Another vulnerable group of people are the pregnant women. The challenge with pregnant women is even more alarming. As a pregnant woman, you shouldn’t forget that the parasites are living things and as such they feed. So when these parasites enter the body of a pregnant woman, they might go to the placenta and feed on the food meant for the baby in the placenta and because the parasites are in a comfortable environment, they multiply and replenish themselves. That is what they do within the placenta. After sometime, they may not be enough food for the parasites, meaning, all the food that goes into the placenta are completely eaten by the parasites, leaving nothing for the baby to feed from.
At that point, since there is a separation between the human blood and the foetus blood, the woman herself may not feel anything, because what actually make one have symptoms of malaria is the waste material excreted by the parasites. The body sees the waste material as a foreign thing and reacts to it. Without all those waste materials, you will not know anything that is happening within you. Now, because all these things are happening within the placenta, the pregnant woman is not aware and she is not sick. At that point, the foetus is already going to die from food, because food is no longer getting to it and when there is no food supply again, the foetus will not grow again and if this continues, the foetus may finally die. If it is a stubborn one that does not want to die, they come as low birth weight (LBW) infants.
Low birth weight infants form more than three per cent of the causes of death in new born babies. You can see where malaria comes in. The pregnant woman is not aware of all this because the whole process is not happening within her own blood system, and if you do test for her, probably, it may be negative, because the malaria parasites, in their wisdom are more comfortable within the placenta. The only time the woman can have symptoms is when the parasite excrete waste material to her blood, and by that time, the foetus may be at a point of dying or even died. At that time, when the woman decided to take drug, the baby in her womb may die because it has not been feeding on anything and it has suffered to a point that death has become inevitable.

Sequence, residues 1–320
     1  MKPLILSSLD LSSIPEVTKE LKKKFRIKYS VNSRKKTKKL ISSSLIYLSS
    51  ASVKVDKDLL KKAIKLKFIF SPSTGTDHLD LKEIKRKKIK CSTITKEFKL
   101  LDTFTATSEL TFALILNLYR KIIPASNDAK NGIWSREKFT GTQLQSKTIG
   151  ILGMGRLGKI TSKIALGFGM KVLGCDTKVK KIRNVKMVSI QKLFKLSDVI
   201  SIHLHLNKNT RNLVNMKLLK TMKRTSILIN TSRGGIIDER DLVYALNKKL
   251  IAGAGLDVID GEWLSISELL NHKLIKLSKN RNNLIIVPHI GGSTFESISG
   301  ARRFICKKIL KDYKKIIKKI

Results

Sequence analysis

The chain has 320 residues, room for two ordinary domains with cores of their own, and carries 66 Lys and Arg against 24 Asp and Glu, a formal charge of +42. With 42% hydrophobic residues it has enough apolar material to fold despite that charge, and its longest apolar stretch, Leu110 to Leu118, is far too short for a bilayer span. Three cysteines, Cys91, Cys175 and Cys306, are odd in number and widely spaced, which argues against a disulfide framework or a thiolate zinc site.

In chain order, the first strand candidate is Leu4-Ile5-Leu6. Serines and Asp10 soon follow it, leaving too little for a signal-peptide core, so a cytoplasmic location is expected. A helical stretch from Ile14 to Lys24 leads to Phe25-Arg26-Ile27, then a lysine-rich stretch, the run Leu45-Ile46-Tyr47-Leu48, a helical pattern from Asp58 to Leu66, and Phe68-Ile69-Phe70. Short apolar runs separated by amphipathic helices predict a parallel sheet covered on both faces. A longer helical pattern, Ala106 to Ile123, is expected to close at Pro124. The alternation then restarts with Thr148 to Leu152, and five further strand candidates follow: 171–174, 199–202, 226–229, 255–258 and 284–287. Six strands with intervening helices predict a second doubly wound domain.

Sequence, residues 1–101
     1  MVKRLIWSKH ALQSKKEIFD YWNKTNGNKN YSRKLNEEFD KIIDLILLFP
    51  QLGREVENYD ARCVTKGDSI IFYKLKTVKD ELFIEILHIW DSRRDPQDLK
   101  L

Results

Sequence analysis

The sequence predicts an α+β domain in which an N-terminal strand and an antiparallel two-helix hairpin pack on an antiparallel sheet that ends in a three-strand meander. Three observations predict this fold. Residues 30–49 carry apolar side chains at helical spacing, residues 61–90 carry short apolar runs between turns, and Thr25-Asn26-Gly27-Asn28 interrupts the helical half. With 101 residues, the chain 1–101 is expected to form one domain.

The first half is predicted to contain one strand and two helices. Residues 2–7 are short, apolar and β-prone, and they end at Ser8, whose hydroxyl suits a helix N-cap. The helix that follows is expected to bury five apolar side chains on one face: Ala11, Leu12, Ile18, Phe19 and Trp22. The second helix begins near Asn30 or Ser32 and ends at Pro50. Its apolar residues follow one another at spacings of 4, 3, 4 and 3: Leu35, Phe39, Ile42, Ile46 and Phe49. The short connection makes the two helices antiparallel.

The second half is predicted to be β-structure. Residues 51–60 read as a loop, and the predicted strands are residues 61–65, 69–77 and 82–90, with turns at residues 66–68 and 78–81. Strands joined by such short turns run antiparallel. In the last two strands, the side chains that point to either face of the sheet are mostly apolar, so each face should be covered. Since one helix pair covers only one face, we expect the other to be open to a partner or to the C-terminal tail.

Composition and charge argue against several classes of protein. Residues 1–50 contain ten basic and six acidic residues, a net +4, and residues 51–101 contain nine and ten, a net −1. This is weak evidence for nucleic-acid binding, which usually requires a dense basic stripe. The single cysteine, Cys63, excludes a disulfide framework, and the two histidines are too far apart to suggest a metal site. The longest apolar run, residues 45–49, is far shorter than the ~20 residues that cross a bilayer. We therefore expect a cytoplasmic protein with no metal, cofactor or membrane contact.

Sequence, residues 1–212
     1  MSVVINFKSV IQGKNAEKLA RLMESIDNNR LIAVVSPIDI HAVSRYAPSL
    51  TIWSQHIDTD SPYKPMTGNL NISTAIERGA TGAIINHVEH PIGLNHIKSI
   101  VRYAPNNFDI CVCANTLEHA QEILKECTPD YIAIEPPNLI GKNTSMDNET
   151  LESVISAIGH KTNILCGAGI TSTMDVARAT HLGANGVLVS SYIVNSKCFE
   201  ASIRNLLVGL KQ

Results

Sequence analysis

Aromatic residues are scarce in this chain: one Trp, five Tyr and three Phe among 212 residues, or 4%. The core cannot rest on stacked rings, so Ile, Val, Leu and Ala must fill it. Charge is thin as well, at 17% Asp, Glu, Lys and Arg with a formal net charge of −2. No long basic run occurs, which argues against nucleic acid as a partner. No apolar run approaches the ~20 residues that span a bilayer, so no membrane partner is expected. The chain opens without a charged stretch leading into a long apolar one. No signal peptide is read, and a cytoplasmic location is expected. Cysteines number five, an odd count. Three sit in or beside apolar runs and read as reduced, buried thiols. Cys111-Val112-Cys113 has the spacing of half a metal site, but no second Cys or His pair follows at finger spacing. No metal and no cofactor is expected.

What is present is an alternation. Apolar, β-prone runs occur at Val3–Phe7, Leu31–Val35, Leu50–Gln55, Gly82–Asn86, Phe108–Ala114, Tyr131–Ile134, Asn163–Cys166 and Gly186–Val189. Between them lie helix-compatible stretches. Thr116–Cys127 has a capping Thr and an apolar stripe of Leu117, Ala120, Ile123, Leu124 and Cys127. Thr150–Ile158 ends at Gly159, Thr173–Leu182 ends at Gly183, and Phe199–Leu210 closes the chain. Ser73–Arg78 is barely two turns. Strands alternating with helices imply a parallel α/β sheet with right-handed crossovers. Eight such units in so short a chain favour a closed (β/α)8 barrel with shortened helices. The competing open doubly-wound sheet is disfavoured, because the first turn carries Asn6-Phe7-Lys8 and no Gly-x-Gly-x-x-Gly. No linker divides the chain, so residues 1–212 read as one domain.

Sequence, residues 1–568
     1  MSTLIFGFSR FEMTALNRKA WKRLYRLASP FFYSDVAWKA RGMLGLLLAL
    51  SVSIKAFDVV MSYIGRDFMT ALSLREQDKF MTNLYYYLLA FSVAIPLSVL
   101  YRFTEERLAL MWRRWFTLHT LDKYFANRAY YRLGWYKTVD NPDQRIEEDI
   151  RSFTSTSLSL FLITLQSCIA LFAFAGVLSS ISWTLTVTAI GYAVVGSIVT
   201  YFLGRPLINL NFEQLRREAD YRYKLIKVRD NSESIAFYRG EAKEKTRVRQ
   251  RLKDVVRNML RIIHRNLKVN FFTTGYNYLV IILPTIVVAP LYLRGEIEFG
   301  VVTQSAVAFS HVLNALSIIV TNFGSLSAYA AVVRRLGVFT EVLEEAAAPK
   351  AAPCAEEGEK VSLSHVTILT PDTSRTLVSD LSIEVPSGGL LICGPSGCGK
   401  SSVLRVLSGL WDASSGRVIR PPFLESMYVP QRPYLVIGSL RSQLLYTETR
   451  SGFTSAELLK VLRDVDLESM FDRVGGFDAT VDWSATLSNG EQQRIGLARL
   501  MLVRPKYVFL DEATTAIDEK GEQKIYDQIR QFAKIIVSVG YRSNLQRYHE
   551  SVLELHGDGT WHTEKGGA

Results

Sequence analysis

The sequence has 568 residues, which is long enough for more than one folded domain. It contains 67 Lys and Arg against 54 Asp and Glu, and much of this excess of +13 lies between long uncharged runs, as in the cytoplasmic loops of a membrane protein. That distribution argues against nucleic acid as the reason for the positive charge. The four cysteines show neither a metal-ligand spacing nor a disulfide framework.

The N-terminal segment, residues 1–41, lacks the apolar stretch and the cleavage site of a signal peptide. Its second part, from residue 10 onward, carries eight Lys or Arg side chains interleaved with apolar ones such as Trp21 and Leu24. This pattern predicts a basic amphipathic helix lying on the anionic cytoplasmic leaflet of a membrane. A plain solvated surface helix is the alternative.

These are one of the hidden challenges that we have. This can be severe that the woman can lose her life in the process of trying to bring out the dead foetus from her womb. So malaria during pregnancy is the major focus when you come to malaria control programme in Nigeria. Malaria is also the most common cause of outpatient attendance. Approximately 50 per cent of population has a malaria episode annually.
Can you measure the social effects of Malaria?
Some of the social effects of Malaria include: High levels of school absenteeism; low productivity and pressure on state and local government capacity.
What about the economic consequences?
Annually, N480 billion is lost due to Malaria absenteeism and treatment costs. Similarly, Malaria is responsible for 46 per cent of all curative health costs.
Malaria is also responsible for redirection of finances from health maintenance (example, good nutrition, proper hygiene) to treatment.
The NMEP has a new policy and strategic plan. What does it say?
Yes. The goal of the new NMEP Policy is to give direction towards the elimination of malaria in the country in line with the Nigeria Vision 20:2020. It has six objectives that explain massive scale up interventions to ensure reduction of the disease burden in the country. It addresses the core issues related to malaria prevention, diagnosis, treatment, communication & social mobilization and the regulations regarding antimalarial commodities. It also expresses the intentions of Government regarding engagement of partners and private sector participation at all levels.
The vision of the NMEP Strategic Plan is to ensure a malaria free Nigeria from 2014 to 2020. The Malaria elimination key strategies of NMSP from 2014 to 2020 include: Use of long lasting insecticidal nets, indoor residual spraying, prompt diagnosis and effective treatment, malaria in pregnancy.
Other key interventions are: Larval source management (Larviciding and Environmental Management); advocacy communication and social mobilization; monitoring and evaluation and effective programme coordination.